First of all, you should consider a lawsuit ONLY if there were injuries or extensive vehicular damage that isn't covered by your policy's underinsured or uninsured motorist coverage. This is the type of situation that underinsured or uninsured motorist coverage is for, so it should take care of it. If your case is a valid one (you aren't just trying to get a big cash settlement), I think you can still pursue it. The incident happened in your state and regardless of current residency, she will have to deal with it (e.g., if you get a ticket in another state you still have to respond). Also , in general, you don't have to be in the same state as the potential defendant to file a lawsuit.
that does not matter, the person who rearended will be at fault
Yes. When your car is parked all medical bills and repair costs are the responsibility of the person who hit your car.
Yes, it doesn't matter who pays the bill.
Insurance that a person purchases for his\her car, motorbike.
When driving behind another vehicle at night,
The person driving the vehicle. You borrowed the vehicle so any damage is your responsibly to fix. In almost all cases your insurance covers you if you must borrow another car. Check with your insurance company to be sure.
No. The insurance policy stays with the owner of the car. If the car is sold to another person, the NEW owner must obtain his own insurance.
Since you are the only person with insurance it would be your insurance that pays, if your policy says this situation is covered. It depends on your insurance policy. Some cover you, others don't
Nothing happens if a person that hits someone in their vehicle and their insurance is covered through another state than the accident happened at. Car insurance companies will pay for damages no matter where they happen at.
What do you mean hold them liable. If you gave them permission to drive your vehicle and you had excluded them on your policy, the insurance company will not pay any part of the claim. More than likely you, as owner of the vehicle will be the primary target. If the accident involves another car you will be primarily responsible for their damages and injuries as well as the damage to your vehicle. You can try to implicate the driver but it is your vehicle, your insurance and exclusion that you signed, and you gave this person permission to drive your vehicle, knowing what you do about them.
re: auto insurance, no; auto insurance is written on the vehicle, not on a person.
Comprehensive insurance helps to pay for damages to a vehicle that were not the result of a collision. If you want insurance when a vehicle is damaged by fire or theft , then you should purchase comprehensive motor vehicle insurance.
If you are a first named insured on your policy then your liability coverage would extend to any non-owned private passenger vehicle you have permission to operate.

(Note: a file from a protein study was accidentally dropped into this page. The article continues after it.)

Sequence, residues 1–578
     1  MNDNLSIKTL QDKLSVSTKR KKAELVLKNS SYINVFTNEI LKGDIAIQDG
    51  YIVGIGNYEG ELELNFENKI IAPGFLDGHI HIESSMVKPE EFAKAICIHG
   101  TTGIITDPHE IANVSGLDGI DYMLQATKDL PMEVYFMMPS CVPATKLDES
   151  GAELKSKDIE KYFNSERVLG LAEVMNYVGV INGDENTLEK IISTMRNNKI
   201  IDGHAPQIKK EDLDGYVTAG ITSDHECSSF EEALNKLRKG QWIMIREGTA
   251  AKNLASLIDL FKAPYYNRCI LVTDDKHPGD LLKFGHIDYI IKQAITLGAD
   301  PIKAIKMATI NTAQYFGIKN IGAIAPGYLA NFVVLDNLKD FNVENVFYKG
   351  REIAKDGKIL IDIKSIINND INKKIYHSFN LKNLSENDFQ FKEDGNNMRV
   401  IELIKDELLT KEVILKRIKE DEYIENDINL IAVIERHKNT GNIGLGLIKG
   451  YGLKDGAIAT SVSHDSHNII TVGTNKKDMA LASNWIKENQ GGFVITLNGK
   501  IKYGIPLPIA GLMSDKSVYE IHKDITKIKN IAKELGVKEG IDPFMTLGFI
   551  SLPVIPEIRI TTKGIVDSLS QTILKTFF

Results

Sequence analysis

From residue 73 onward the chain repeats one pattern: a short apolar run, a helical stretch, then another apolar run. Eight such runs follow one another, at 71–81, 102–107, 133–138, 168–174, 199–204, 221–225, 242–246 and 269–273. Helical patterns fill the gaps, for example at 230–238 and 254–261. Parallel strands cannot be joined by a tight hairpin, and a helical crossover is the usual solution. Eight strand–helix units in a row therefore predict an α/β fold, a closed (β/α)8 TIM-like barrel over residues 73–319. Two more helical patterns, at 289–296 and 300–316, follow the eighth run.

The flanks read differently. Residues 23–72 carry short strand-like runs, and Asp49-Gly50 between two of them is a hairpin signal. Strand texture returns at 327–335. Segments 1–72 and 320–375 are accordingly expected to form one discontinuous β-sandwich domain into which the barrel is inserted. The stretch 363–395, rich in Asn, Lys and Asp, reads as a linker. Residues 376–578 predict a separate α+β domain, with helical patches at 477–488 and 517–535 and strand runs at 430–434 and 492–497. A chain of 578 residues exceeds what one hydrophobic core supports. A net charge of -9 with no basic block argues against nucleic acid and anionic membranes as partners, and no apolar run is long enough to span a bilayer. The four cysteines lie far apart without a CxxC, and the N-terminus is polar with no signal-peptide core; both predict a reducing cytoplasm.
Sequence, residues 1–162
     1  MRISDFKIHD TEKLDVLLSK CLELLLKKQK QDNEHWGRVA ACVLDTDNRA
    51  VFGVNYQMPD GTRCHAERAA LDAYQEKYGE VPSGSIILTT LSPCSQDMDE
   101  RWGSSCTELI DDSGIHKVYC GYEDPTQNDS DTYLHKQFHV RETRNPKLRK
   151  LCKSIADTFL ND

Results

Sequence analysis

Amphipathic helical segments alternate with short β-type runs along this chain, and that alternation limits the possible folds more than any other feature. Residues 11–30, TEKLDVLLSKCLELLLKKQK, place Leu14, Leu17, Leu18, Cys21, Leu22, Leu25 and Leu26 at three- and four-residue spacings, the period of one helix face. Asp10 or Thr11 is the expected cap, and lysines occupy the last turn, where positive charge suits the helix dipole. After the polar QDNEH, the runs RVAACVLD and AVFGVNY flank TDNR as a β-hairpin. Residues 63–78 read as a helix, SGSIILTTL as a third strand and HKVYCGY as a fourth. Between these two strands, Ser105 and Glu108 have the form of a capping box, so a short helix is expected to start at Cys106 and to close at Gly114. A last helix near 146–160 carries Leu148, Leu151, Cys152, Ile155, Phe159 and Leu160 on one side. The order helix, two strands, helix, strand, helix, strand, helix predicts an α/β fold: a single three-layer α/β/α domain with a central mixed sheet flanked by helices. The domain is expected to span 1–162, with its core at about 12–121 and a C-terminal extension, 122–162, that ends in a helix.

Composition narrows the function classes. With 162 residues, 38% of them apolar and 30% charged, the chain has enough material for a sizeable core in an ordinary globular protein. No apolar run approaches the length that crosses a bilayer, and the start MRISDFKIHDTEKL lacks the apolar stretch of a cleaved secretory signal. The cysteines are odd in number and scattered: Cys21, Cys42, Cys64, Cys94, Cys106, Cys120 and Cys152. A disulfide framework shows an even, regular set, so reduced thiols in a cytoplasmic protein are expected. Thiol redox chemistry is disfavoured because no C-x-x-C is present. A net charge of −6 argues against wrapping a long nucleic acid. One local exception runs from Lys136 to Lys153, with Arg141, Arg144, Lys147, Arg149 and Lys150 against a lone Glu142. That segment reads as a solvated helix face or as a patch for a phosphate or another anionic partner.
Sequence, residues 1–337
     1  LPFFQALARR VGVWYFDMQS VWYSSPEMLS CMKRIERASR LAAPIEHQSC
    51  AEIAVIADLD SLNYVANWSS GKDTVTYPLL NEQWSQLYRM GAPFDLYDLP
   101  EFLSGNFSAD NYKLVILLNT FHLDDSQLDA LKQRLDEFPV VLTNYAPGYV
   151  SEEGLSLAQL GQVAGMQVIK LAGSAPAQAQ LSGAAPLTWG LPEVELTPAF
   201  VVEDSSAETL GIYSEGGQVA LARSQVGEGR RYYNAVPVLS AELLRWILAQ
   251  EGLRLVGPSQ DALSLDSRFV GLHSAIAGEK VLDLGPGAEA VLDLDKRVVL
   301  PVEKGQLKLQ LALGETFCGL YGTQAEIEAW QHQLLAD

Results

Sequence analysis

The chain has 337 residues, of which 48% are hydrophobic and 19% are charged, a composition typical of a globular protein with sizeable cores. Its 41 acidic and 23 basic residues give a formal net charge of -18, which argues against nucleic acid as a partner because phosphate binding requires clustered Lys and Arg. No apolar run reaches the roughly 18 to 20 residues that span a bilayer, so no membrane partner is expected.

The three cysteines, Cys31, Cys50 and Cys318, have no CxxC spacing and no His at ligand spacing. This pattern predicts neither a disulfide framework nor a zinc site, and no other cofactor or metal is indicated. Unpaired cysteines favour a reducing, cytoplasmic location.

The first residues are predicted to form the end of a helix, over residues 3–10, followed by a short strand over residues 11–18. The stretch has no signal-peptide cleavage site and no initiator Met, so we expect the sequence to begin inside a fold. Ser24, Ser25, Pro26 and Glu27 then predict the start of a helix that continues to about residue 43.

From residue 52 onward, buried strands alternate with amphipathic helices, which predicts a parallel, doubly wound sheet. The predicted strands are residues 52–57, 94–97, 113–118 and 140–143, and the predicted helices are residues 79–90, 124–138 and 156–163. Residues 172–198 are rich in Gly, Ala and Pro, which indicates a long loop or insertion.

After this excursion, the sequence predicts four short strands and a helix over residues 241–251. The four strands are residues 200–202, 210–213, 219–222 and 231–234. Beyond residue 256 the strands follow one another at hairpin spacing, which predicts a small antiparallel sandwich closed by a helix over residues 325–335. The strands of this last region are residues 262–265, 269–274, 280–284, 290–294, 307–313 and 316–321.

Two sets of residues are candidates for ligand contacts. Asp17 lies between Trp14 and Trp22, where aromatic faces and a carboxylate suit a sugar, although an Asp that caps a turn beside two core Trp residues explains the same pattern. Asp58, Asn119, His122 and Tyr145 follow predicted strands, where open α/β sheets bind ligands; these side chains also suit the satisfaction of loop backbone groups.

Hopefully an airbag. Liability coverage will cover damage and injury you cause to another person or their vehicle.
No, it is insurance fraud/ identity theft.
It does not matter how old your vehicles is. Liability insurance is for your protection and I believe mandatory. If you are at fault that is where your insurance company will pay for the damages and injuries you caused to another person or vehicle. J
As long as the insurance is in your name only you just call the insurance companyBUTThis may be illegal unless the person driving the vehicle knows and agrees
Insurance follows the vehicle. If the owner of the wheelchair van has no insurance on it, and the person who drives it, has insurance on their own vehicle.... then the wheelchair van would still be considered an uninsured vehicle. Again, insurance always follows the vehicle. The driver who is not the owner cannot use his/her insurance to cover the wheelchair van because they have no 'ownership' or 'insurable interest' in the van.
The principal driver is the person who drives the vehicle over 50% of the time. This is the main driver of the vehicle and the person who will be rated as the driver for computing the cost of the insurance.
Depends on which country. In Canada for example, no. Since insurance is given by vehicle. In the USA, yes, since a person is insured.
As long as you have another policy in place. When you signed your lease you garanteed that the vehicle would be insurred. Uninsuring the vehicle would be in violation of the lease.
The cosigner on an automobile loan is not the person who has to pay for insurance on the vehicle. The registered owner should pay the fees for insurance. However, it is the cosigner's responsibility to make sure the registered owner is carrying insurance for the vehicle.
Group insurance is insurance on more than one customer or vehicle. Many insurance companies offer additional services to those who insure more than one person or vehicle (group).
Take them to small claims court or settle it through your insurance company.
Provisional car insurance is a policy that can be purchased by a person who is learning to drive in another person's car. The insurance covers the learner driver without risking the insurance of the owner of the vehicle. Companies that offer provisional car insurance can be located through an insurance broker.